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According to the California Supreme Court, interest charges on unpaid invoices for goods and services are legal if the right to collect interest is set forth in your contract, or invoice, and if the mount of interest being charged is reasonable.
According to the California Supreme Court, contractual obligations for payment of interest charges (even if over 10% per annum) on late payments is valid, legal and not subject to California’s usury limitations. Unlike late charges which the law disfavors, interest or finance charges on unpaid bills is generally allowed so long as reasonable (up to 18%).
CAUTION: While 18% has been upheld in some courts, such a high amount of interest may be challenged as an unreasonable penalty, or liquidated damage.
If you provide services or materials, then you should include an interest provision in your contracts or invoices. For example, you may wish to include language to the effect that:
Payment is expected upon the provision of services / receipt of goods. If we do not receive payment in full on any invoice within ___ days, late charges at .8333% interest per month (10% per year) will be imposed on your unpaid balance after 30 days. Your unpaid balance is determined by taking the beginning balance of your account for each month, adding any new charges and subtracting any payments made to your account. We will then multiply this amount by the .8333% monthly periodic interest rate to compute the late charge for your account for that month.
A simpler version for placement in an invoice is: Payment Due Net 30; Interest at 1% per month after 30 days.
But what about Usury? Doesn’t California law limit interest to 10% per year?
California’s usury laws apply to loans and forbearance on a loan. See, Southwest Concrete Products v. Gosh Construction Corp., 51 Cal.3d 701 (1990). According to the court, the sale of goods and/or services to a buyer on credit is not a loan. Similarly, a forbearance is when the creditor agrees to refrain from enforcing the debt immediately and gives the debtor more time to pay. When a supplier of goods or services is charging interest on an unpaid invoice, such is not an agreement to refrain from enforcing a debt. Therefore, interest charges on unpaid balances for goods or services are not subject to California’s usury laws.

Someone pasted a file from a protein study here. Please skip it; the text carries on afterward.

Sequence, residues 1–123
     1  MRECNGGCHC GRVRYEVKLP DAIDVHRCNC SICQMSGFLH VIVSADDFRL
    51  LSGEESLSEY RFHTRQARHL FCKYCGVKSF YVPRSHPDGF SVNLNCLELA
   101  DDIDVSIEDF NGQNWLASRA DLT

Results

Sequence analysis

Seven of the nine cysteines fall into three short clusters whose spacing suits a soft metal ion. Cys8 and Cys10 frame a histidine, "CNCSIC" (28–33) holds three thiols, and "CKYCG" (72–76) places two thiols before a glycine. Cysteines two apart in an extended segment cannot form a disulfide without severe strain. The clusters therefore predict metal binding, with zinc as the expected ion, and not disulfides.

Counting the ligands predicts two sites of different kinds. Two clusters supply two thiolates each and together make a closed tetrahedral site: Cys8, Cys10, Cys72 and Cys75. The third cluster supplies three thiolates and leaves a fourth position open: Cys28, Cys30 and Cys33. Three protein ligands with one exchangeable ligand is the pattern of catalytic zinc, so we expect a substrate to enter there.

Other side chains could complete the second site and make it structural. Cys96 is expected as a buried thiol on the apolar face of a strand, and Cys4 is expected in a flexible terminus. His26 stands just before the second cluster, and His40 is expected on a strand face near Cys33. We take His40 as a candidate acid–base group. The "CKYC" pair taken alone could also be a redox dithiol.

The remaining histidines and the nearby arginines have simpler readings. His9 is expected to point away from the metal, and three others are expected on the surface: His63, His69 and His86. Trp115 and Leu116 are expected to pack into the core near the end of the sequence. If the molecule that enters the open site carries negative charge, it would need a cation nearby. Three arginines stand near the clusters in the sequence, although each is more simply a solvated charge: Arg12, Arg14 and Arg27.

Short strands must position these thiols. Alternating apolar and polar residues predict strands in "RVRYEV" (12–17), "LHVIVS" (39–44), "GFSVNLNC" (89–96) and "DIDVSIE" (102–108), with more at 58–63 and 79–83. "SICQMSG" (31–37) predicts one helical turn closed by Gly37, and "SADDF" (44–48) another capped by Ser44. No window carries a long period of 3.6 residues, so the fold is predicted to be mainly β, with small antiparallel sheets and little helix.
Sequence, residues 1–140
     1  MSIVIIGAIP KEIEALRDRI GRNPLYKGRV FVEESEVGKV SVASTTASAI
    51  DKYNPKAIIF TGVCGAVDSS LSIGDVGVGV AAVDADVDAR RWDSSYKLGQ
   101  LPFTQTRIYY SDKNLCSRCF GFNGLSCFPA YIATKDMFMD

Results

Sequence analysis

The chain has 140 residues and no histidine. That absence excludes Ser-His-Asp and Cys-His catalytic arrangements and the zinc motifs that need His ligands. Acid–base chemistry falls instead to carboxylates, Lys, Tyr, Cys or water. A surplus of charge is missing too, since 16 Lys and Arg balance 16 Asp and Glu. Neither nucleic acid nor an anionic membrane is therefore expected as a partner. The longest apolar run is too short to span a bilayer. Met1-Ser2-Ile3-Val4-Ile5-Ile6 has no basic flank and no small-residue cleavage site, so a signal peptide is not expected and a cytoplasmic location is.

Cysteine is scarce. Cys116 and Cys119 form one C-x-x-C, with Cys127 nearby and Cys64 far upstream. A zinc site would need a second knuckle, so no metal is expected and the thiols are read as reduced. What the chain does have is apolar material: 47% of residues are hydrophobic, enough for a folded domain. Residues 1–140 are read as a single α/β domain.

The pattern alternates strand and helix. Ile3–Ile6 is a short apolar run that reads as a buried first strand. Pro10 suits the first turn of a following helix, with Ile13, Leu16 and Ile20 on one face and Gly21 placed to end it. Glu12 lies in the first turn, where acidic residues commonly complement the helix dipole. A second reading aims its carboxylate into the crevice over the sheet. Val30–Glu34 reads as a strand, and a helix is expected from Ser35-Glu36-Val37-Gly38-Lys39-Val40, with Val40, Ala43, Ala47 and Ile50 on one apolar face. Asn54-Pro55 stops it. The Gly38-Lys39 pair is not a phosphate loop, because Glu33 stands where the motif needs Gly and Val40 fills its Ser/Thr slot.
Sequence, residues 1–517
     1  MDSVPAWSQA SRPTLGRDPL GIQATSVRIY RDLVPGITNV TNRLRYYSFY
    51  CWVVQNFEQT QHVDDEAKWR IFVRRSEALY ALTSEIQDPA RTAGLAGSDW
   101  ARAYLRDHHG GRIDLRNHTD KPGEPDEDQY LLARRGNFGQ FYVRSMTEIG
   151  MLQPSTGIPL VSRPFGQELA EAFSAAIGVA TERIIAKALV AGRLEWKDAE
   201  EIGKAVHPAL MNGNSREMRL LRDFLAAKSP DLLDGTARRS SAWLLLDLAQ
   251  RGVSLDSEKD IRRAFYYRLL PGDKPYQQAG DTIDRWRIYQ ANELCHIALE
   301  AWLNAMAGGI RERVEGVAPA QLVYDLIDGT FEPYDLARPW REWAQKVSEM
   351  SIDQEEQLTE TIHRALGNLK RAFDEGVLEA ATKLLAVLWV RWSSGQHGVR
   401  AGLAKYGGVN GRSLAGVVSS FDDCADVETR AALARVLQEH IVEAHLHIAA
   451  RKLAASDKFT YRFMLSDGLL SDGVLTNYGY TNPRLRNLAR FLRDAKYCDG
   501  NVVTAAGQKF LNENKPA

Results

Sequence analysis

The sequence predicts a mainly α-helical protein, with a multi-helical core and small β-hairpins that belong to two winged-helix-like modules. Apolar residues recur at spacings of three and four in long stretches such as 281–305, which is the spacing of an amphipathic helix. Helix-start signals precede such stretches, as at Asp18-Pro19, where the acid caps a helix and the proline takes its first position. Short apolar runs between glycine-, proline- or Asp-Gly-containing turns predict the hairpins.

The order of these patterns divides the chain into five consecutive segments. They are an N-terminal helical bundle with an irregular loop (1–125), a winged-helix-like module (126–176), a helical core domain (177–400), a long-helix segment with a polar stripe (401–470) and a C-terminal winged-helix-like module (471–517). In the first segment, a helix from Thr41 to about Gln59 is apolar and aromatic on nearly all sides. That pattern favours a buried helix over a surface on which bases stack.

That all said individuals and small business should exert extreme caution if seeking to charge an interest rate of more than 10% per year on unpaid goods and/or invoices. While 18% has been upheld, that does not mean it will always be upheld.
The amount of interest charged must be reasonably related to the actual damages suffered by the creditor. Although the California courts have recognized that accounting and collection expenses are actual damages suffered by a creditor when a customer does not timely pay its invoices, the debtor may argue that a service charge provision is unenforceable as a liquidated damages provision that is not reasonably related to the actual damages suffered by the creditor as the result of non-payment (or late payment). It is therefore crucial for the creditor to document the extra effort, time, and expenses incurred as a consequence of each late payment.
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Disclaimer: The information presented on this web site was prepared by Melissa C. Marsh for general informational purposes only and does not constitute legal advice. The information provided in my articles and alerts should not be relied upon, or used as a substitute for professional legal advice from an attorney you retain to advise or represent you. Your use of this Internet site does not create an attorney- client relationship. Transmission of this article is not intended to create, and receipt of it does not constitute, an attorney-client relationship. All uses of the contents of this site, other than personal uses, are prohibited. You may print or email a copy of any information posted on this web site for your own personal, non-commercial, use, but you may not publish any of the articles or posts on this web site without the Express Written Permission of Melissa C. Marsh.
Located in Los Angeles, California, the Law Office of Melissa C. Marsh handles business law and corporation law matters as a lawyer for clients throughout Los Angeles including Burbank, Sherman Oaks, Studio City, Valley Village, North Hollywood, Woodland Hills, Hollywood, West LA as well as Riverside County, San Fernando, Ventura County, and Santa Clarita. Attorney Melissa C. Marsh has considerable experience handling business matters both nationally and internationally. We routinely assist our clients with incorporation, forming a California corporation, forming a California llc, partnership, annual minutes, shareholder meetings, director meetings, getting a taxpayer ID number (EIN), buying a business, selling a business, commercial lease review, employee disputes, independent contractors, construction, and personal matters such as preparing a will, living trust, power of attorney, health care directive, and more.